Here are a few supportive thoughts related to the concept of shared source
repositories.
Internal communications: There are certainly University-wide internal
communications reason to explore this further: a source repository would
encourage transparency and collaboration across unit lines. It would help us
share innovative ideas and reduce some of the duplication in coding that we
all know is happening. The institution will need more effective
collaboration as we move into an era of reduced resources. This sort of
sharing also has the potential to help cultural transformation: our
organizational identification will shift, we will all be developing for the
University of Minnesota.

Tonu, I agree that piloting at a smaller level may very well be the
short-term solution. The ASR web team is planning to set up an instance of
Gitorious on a virtual server to help us in managing our codebase.  We are
interested in chatting with other units about our plans. If we find a some
units interested in sharing our repository instance, for example, we could
be lithe, learn about requirements by trying, develop standards for shared
use, and then demonstrate the value as interest grows. Were this pilot
effort successful, we would be able to define our needs more clearly,
provide an example for review, and, to quote Tonu, "Then OIT might be more
willing to centralize the service offering."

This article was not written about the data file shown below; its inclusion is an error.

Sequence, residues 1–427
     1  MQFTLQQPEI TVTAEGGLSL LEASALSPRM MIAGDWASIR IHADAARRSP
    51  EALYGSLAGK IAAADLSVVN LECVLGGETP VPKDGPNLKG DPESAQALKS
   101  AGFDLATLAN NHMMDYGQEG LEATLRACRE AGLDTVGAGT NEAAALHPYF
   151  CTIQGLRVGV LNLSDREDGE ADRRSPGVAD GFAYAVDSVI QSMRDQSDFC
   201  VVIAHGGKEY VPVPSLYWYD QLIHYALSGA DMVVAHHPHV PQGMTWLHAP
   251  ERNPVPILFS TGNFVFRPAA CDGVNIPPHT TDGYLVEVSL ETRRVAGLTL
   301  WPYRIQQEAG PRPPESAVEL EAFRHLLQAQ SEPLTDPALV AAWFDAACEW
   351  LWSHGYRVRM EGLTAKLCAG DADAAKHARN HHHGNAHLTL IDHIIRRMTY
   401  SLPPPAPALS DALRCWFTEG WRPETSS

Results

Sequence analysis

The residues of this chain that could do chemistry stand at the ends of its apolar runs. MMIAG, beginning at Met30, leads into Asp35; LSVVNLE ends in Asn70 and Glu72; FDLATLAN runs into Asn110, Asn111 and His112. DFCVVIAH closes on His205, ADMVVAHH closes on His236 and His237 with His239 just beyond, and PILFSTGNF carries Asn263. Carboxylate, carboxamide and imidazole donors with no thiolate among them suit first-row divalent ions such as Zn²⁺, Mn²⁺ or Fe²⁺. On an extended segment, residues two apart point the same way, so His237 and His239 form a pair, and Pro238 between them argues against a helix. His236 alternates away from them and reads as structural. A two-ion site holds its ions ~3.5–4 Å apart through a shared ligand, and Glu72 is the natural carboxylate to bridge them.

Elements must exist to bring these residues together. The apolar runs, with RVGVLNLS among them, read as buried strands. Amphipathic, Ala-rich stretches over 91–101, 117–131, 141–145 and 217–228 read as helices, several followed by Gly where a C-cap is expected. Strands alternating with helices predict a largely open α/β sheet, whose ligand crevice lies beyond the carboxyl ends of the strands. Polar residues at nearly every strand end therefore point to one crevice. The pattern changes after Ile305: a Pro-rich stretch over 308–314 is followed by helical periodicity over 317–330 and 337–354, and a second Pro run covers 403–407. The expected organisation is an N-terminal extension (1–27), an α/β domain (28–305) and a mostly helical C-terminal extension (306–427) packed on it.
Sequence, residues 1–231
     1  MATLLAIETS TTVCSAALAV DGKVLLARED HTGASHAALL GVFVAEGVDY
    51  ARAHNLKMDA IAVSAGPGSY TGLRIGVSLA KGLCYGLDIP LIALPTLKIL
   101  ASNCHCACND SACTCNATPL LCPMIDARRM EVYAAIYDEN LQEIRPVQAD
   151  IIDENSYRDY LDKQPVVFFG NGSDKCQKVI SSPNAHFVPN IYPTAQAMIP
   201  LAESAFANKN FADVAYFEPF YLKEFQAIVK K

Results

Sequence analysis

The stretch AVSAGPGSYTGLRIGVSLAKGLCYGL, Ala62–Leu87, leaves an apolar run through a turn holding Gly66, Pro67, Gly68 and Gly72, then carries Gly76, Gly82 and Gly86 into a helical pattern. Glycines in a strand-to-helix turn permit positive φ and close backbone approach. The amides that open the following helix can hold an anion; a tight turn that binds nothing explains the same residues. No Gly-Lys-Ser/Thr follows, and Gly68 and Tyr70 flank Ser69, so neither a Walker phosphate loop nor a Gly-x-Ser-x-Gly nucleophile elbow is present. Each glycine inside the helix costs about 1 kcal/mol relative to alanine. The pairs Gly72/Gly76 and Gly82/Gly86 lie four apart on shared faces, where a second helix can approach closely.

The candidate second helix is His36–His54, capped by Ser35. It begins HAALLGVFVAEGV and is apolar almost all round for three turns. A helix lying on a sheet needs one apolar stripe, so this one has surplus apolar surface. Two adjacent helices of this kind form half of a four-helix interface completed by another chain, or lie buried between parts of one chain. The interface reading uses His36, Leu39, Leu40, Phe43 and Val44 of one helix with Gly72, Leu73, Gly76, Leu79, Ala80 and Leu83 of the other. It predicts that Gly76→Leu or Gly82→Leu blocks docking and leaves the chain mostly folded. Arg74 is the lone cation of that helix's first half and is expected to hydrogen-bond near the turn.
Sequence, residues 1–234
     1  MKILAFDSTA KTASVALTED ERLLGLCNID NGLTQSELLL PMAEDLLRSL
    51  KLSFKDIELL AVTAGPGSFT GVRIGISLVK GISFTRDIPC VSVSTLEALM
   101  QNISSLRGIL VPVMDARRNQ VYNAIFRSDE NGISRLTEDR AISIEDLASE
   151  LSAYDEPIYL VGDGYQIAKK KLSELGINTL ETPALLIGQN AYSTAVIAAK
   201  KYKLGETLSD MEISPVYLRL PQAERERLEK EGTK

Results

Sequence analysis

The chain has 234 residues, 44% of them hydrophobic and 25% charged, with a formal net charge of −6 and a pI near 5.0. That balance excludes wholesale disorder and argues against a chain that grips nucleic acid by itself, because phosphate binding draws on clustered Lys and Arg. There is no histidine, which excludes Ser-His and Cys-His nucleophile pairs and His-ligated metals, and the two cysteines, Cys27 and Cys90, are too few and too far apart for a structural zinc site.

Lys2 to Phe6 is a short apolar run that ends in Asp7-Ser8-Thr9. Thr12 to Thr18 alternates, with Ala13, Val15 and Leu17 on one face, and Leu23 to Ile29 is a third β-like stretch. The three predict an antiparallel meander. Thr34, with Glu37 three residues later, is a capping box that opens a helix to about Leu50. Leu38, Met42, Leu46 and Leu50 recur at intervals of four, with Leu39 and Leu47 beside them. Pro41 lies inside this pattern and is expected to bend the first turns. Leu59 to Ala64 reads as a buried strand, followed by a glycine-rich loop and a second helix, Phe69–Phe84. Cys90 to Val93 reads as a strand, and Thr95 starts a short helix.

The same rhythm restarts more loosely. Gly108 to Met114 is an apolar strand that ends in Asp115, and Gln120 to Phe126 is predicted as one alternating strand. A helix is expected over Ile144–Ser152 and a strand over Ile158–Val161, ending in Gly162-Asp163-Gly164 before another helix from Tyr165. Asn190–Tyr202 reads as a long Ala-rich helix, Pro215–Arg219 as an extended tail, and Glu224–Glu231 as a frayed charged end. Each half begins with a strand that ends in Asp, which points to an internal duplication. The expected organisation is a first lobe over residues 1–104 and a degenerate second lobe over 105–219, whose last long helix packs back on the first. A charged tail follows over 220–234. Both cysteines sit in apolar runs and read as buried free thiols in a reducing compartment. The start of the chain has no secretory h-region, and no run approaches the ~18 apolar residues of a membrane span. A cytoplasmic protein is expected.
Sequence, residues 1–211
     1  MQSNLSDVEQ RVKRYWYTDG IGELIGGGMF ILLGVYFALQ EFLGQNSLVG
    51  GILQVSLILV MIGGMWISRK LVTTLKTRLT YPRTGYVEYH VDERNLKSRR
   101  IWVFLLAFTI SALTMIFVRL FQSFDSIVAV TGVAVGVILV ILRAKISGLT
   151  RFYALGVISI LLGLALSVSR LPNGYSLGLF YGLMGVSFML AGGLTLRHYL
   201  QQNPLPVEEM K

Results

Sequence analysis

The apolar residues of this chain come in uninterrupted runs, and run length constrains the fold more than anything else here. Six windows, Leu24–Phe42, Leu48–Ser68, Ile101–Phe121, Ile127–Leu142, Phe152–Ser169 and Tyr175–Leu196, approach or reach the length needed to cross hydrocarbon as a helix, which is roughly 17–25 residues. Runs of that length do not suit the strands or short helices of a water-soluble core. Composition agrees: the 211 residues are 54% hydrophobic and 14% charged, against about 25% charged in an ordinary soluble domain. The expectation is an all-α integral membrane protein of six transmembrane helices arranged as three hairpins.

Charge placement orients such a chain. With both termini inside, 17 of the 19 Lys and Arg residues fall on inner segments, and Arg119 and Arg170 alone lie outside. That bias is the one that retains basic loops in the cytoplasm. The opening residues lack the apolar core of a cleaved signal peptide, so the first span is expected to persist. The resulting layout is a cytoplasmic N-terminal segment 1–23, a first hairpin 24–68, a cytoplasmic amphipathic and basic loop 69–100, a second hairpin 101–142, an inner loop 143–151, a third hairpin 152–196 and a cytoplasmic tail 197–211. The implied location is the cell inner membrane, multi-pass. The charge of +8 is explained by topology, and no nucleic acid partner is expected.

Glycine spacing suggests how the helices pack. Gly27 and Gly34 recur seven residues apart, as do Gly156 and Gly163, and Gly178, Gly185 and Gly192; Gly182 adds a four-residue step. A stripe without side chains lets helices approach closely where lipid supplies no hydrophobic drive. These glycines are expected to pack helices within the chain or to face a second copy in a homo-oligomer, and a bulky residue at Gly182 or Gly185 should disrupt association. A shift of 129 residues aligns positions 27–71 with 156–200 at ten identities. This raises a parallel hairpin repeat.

Yours,
Santiago

On Thu, May 6, 2010 at 11:02 AM, Tonu Mikk <[log in to unmask]> wrote:

> There are many good ideas brought fourth in this discussion.  Let me add
> some more and continue the conversation.
>
> First, I very much support the idea of a central repository for sharing
> code even though I have not used a version control system before.  The value
> that it would would provide to me would be an ability to look at someone
> else's code and see if it could be used for something that I am working on.
>  This repository to me would be of most value, if much of the code is shared
> freely.  Ideally, I see everyone with the UMN ID having read and download
> rights and project owners deciding who has commit and change rights.  In
> this sense it would act similar to UMN AD group policies where I am able to
> see everyone's group policies and learn from how they have been created.
>
> Second point I want to make is that OIT may not be the only organization
> that may be willing to undertake such a project.  Colleges and units around
> the university that already have an infrastructure in place may choose to
> open it up for University wide use.  When the project becomes large enough
> and the value to the University of demonstrated, OIT may be more willing to
> centralize the service offering.  This kind of a "grounds up" approach would
> help clarify the requirements over time as they are gathered from the
> practice of providing the service.
>
> Lastly, I want to mention Google Code (
> http://code.google.com/projecthosting/ ) as a possible way to provide this
> service if Google Code is included with UMN Google Apps offering.  I have
> used Google Code in the past and have had a good experience.
>
> Tonu
>
>
> On 5/5/2010 10:35 AM, Christopher Bongaarts wrote:
>
>> Christian Dinger wrote:
>>
>>  I couldn't agree more. The ASR web team uses Git (we moved from
>>> Subversion a few years ago), but we'd love to see a centralized source code
>>> hosting service from OIT. Not only does it make good security sense, but I
>>> think it'd also provide a mechanism for inter-departmental collaboration.
>>> Just think of things like CAH authentication code and how hard it is